One of the reasons Mandela was appreciated and admired was his adherence to his vision, which was not eroded even after 27 years in prison. He walked out of prison committed to the same vision that stood at the basis of his struggle before he was arrested and imprisoned: replacing the White dictatorship with a democratic state, a state of all its citizens, Blacks and Whites and all colours in between.

In this regard it is worth mentioning the prisoner of conscience Mordechai Vanunu, who went to prison after he was kidnapped abroad in an Israeli government terrorist operation, was tried in a closed process and sentenced to 18 years in prison by an obedient court. He was convicted of `espionage and treason` for having exposed the lies of the government of Israel and realizing the democratic principle of the public`s right to know. He was a whistle-blower who warned in the press of the nuclear adventurism of the government of Israel and demanded a Middle East free of weapons of mass destruction. The government of Israel, with all its agencies – the Israel Security Agency, the Mossad, the internal security department of the Defence Ministry, the army and the police were not able to digest the fact that after 18 years, 11 and a half in solitary confinement, Mordechai Vanunu, like Mandela, left prison no less committed to the idea for which he had entered it in the first place. He did not apologize or ask forgiveness and he was at peace with what he had done. So they continue to take revenge on him by means of various and sundry restrictions that have made him a Prisoner of Zion for 28 years now. It is but natural that the leaders of the new government in South Africa, including Nobel Peace Prize laureate Bishop Desmond Tutu, are supporters of Vanunu and demand that his civil rights – including freedom of expression and freedom of movement – be restored to him.

After the prime minister and the president of Israel, two of the chief proponents of collaboration with the Apartheid regime, canceled their trip to the memorial ceremony seeing that their place was not among opponents of apartheid, a lower-level delegation set out, composed of five Knesset Members, all Jews, headed by Knesset Speaker Yuli Edelstein. A fine example of typical Israeli chutzpah: Israel is represented at memorial ceremony for a symbol of the struggle against Apartheid by settler who embodies Israeli apartheid. I am very disappointed that an MK from Meretz, Nitzan Horowitz, joined the delegation. I expected that a person of the Left would say that he would have no part in a delegation led by a racist settler and would replace it with a delegation composed of activists against the Israeli regime of apartheid and Occupation. In other words, Edelstein’s presence in South Africa as bids farewell to Mandela is like someone urinating from the diving-board and taunting the mourners: don’t worry, apartheid is alive and well in the democratic Jewish state!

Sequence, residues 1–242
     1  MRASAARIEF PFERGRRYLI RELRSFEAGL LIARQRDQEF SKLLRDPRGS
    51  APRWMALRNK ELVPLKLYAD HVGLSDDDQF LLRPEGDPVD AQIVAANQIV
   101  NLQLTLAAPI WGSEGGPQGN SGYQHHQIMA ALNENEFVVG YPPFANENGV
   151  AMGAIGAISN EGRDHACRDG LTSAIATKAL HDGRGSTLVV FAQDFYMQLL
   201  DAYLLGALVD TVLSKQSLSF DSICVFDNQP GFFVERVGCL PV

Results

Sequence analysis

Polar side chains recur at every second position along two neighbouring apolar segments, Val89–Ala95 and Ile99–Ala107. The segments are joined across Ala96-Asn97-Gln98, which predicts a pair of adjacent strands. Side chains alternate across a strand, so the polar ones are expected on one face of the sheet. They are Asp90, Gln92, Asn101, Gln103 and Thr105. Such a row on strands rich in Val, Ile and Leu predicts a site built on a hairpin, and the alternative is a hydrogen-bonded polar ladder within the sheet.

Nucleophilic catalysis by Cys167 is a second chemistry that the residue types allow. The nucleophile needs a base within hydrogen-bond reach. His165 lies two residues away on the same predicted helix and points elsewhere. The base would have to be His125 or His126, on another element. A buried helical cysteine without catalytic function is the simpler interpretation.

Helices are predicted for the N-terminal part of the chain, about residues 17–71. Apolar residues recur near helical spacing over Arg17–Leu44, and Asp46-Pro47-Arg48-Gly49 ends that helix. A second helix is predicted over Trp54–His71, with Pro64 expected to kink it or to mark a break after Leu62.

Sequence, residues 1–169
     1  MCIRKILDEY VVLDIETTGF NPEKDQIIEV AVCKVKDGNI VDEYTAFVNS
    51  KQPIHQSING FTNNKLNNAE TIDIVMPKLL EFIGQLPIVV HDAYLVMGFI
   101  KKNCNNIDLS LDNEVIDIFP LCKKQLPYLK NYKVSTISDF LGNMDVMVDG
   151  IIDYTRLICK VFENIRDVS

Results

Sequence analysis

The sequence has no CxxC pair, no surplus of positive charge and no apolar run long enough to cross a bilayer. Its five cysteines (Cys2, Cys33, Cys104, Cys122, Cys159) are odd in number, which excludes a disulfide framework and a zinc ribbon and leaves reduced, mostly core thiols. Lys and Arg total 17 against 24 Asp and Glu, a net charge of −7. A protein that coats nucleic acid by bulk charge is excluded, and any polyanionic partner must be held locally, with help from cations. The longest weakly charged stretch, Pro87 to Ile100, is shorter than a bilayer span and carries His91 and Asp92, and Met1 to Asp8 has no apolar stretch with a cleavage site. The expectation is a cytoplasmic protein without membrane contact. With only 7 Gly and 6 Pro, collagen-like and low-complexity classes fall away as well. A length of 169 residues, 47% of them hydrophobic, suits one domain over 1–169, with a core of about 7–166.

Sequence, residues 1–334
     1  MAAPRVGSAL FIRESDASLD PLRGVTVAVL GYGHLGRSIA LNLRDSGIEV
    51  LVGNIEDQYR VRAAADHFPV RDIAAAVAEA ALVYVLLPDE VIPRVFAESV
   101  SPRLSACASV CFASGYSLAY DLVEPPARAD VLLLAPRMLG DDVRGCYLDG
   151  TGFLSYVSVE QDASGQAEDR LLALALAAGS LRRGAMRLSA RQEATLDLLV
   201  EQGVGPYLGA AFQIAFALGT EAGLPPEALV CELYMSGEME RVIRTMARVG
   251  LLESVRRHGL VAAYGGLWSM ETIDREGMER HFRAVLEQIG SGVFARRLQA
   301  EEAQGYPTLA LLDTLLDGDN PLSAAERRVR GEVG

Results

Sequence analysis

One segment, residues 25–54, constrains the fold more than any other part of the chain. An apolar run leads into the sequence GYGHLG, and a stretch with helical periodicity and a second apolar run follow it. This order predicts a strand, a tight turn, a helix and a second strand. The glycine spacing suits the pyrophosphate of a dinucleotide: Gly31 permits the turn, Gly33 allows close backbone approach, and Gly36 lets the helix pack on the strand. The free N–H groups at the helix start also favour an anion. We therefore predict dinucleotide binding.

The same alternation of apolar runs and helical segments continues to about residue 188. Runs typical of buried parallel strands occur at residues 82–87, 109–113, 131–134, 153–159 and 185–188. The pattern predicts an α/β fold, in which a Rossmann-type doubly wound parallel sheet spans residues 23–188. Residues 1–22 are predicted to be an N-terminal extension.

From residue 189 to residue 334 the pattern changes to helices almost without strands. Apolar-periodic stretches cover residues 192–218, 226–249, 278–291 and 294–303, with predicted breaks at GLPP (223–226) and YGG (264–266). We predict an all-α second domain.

Gideon Levy, in his article in Haaretz of 15 December 2013, writes that the government of Israel should request pardon for its close collaboration with the Apartheid government. Indeed those to whom Israel should apologize are many. It needs to ask forgiveness from the Palestinian people for what will soon be 50 years of Occupation, oppression and apartheid; from the Ugandan people for supporting and aiding the mass murderer Idi Amin; from the people of Congo for supporting the murderous and corrupt regime of the tyrant of Zaire (today the Democratic Republic of Congo) Mobutu Sese Seko, a good friend of Minister Sharon, who even trained an elite unit to protect his regime; from the Arabs of Israel and especially the Bedouin for discrimination, marginalization and discriminatory legislation; from Holocaust survivors, many of whom are living in withering poverty even though the State of Israel has received billions of dollars in their names – and that is only a partial list. The problem is not in requesting forgiveness, for after all, the Jews are world champions in asking for forgiveness, pardon and absolution. Every Yom Kippur millions of Jews request forgiveness, and that does not prevent anyone from sinning again the next day. What is required is a change of policy, and then the forgiveness will come naturally and will be believable. Levy writes that senior Israeli journalists visited South Africa as guests of the Apartheid government, were charmed and upon their return rewarded their hosts with articles of praise. Levy does not mention names, so I will fill in the blanks.